shadow_tr

Mardi Gras Artifacts Inspire Designers


This watercolor of an 1885 float design from the Proteus parade is from Tulane’s Special Collection Division, which has one of the world’s larger collections of printed Carnival memorabilia.

Academics and float designers alike find inspiration in a treasure trove of Mardi Gras memorabilia nestled on the second floor of Jones Hall on Tulane’s uptown campus.

The Carnival Collection is part of the Special Collections Division and houses printed Carnival mementoes, including many original drawings of costumes and parade float designs.

While float and costume designers use the collection to explore ideas for their next Carnival creations, manuscripts librarian Leon Miller says that academic research is also a major use for the archive.

“Academic researchers from many fields use the collection for a tremendous variety of research projects,” says Miller. “English literature specialists have traced how the designs reflect ways different cultural concepts filtered through society, and political scientists have studied how float designs reflect changing political factions.”

There is also an online exhibit available for a peek into what the collection contains.

“We have one of the larger collections of Carnival ephemera in the world,” says Miller. “Ephemera are small printed items meant to be read or used and then tossed away, such as brochures, flyers and invitations. Our collection of Carnival ephemera extends back to the 1850s and continues to the present, as we document new Carnival events every year.”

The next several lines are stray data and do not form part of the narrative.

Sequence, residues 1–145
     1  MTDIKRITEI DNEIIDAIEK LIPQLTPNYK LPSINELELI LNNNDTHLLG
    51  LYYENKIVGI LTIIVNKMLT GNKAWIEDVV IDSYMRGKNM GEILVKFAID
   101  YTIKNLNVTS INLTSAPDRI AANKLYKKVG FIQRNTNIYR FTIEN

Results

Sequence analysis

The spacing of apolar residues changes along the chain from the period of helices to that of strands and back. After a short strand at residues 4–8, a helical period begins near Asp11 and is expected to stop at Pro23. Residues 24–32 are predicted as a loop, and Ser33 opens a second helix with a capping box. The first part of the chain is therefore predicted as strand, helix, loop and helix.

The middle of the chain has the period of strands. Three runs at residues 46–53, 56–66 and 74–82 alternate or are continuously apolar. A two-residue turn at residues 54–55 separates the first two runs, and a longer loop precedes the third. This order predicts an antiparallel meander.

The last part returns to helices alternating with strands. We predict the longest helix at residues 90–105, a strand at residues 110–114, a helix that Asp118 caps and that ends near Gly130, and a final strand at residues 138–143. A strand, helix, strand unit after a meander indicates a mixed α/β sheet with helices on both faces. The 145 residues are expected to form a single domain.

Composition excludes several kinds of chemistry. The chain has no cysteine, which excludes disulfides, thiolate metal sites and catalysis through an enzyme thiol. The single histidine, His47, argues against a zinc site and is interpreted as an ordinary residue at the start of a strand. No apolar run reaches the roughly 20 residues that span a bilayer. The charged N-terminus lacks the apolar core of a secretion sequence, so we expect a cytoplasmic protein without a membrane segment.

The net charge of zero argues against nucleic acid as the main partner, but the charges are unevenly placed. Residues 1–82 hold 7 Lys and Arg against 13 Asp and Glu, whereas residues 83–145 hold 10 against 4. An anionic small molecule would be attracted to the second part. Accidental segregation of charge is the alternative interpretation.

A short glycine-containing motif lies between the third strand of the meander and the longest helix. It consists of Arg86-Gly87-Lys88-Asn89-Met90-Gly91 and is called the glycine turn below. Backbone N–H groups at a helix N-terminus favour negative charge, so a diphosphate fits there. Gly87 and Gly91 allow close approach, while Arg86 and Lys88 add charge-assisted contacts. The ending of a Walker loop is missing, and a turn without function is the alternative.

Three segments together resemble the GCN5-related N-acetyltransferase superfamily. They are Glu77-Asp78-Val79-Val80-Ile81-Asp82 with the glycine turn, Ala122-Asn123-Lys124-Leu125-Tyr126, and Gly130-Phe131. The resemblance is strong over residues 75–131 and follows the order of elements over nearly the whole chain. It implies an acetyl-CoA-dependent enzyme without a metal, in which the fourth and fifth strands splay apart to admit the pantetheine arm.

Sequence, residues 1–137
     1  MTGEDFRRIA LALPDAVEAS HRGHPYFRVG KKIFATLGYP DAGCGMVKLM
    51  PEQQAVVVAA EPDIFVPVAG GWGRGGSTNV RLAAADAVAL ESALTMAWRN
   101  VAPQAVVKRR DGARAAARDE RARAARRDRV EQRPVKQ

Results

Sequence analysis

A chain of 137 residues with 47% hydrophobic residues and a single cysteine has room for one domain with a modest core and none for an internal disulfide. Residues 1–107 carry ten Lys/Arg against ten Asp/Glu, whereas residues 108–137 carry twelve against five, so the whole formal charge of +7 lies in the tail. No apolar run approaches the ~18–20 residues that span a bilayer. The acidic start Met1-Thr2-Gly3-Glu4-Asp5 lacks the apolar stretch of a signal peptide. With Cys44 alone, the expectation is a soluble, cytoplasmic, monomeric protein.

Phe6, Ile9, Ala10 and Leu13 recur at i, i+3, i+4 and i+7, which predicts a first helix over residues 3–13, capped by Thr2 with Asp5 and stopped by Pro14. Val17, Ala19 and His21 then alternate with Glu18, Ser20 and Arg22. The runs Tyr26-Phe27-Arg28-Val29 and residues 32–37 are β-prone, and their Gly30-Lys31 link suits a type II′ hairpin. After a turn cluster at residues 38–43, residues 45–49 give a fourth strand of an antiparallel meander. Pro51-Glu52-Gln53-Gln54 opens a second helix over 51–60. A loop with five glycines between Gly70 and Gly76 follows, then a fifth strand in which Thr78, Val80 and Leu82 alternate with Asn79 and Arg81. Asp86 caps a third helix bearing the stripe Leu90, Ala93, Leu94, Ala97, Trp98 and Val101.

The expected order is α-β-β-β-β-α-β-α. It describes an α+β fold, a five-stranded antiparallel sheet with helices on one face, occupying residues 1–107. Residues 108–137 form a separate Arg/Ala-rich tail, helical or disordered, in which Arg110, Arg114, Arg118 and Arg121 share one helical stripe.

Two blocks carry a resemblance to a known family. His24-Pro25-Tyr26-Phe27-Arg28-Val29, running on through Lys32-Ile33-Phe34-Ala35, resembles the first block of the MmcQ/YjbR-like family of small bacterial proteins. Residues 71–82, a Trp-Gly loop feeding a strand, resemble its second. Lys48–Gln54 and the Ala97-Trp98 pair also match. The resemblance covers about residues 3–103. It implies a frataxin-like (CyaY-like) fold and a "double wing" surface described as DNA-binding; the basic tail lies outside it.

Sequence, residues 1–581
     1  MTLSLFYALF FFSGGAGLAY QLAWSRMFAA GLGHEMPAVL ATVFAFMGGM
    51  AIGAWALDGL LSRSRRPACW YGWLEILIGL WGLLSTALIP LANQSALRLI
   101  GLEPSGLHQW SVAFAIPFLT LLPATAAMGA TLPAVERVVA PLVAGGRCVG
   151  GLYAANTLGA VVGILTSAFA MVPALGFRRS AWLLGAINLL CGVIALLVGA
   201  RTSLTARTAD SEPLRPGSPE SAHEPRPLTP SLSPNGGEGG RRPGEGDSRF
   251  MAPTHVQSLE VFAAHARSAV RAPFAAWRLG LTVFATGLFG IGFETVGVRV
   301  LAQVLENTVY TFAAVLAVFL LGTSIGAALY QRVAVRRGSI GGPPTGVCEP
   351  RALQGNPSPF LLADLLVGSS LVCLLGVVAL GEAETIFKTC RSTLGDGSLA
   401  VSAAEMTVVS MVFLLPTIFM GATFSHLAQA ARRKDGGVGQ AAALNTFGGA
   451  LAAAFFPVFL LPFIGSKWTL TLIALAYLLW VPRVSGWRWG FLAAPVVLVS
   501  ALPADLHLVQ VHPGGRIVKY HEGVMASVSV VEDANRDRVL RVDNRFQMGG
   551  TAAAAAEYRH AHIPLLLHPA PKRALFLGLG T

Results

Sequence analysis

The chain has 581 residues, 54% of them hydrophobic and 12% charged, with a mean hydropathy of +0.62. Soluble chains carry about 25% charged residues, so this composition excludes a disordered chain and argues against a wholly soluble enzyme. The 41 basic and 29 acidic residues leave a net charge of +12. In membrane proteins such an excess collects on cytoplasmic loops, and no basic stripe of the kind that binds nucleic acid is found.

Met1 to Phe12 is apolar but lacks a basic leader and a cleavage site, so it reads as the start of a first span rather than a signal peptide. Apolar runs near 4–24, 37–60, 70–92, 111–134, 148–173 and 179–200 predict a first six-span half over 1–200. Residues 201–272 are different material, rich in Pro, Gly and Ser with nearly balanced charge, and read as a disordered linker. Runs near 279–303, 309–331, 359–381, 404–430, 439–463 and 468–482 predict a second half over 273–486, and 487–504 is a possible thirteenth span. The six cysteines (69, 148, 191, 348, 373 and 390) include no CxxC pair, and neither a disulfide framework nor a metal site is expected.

Mary LeBlanc knows her way around the collection. As a library staff member for more than 30 years, LeBlanc is now a volunteer in the Special Collections Division where she works exclusively with the Carnival collection.


This drawing shows a proposed costume for a “rainbow sprite,” part of the Tulane archive of Carnival history dating back to the 1850s.



“The Carnival collection is a work in progress,” she says. “It has importance to both New Orleans history and American history.”

According to Miller, the library is accepting new donations to add to the Carnival collection.

“If someone attends a ball, has a Carnival invitation collection or kept minutes, newsletters or other records from a krewe, we hope they will remember to save their invitations, place cards and dance cards and donate them to us,” says Miller.

The collection’s librarians suggest that anyone planning to visit should call ahead and first review the guest guidelines.

Tulane University, New Orleans, LA 70118 504-865-5000 website@tulane.edu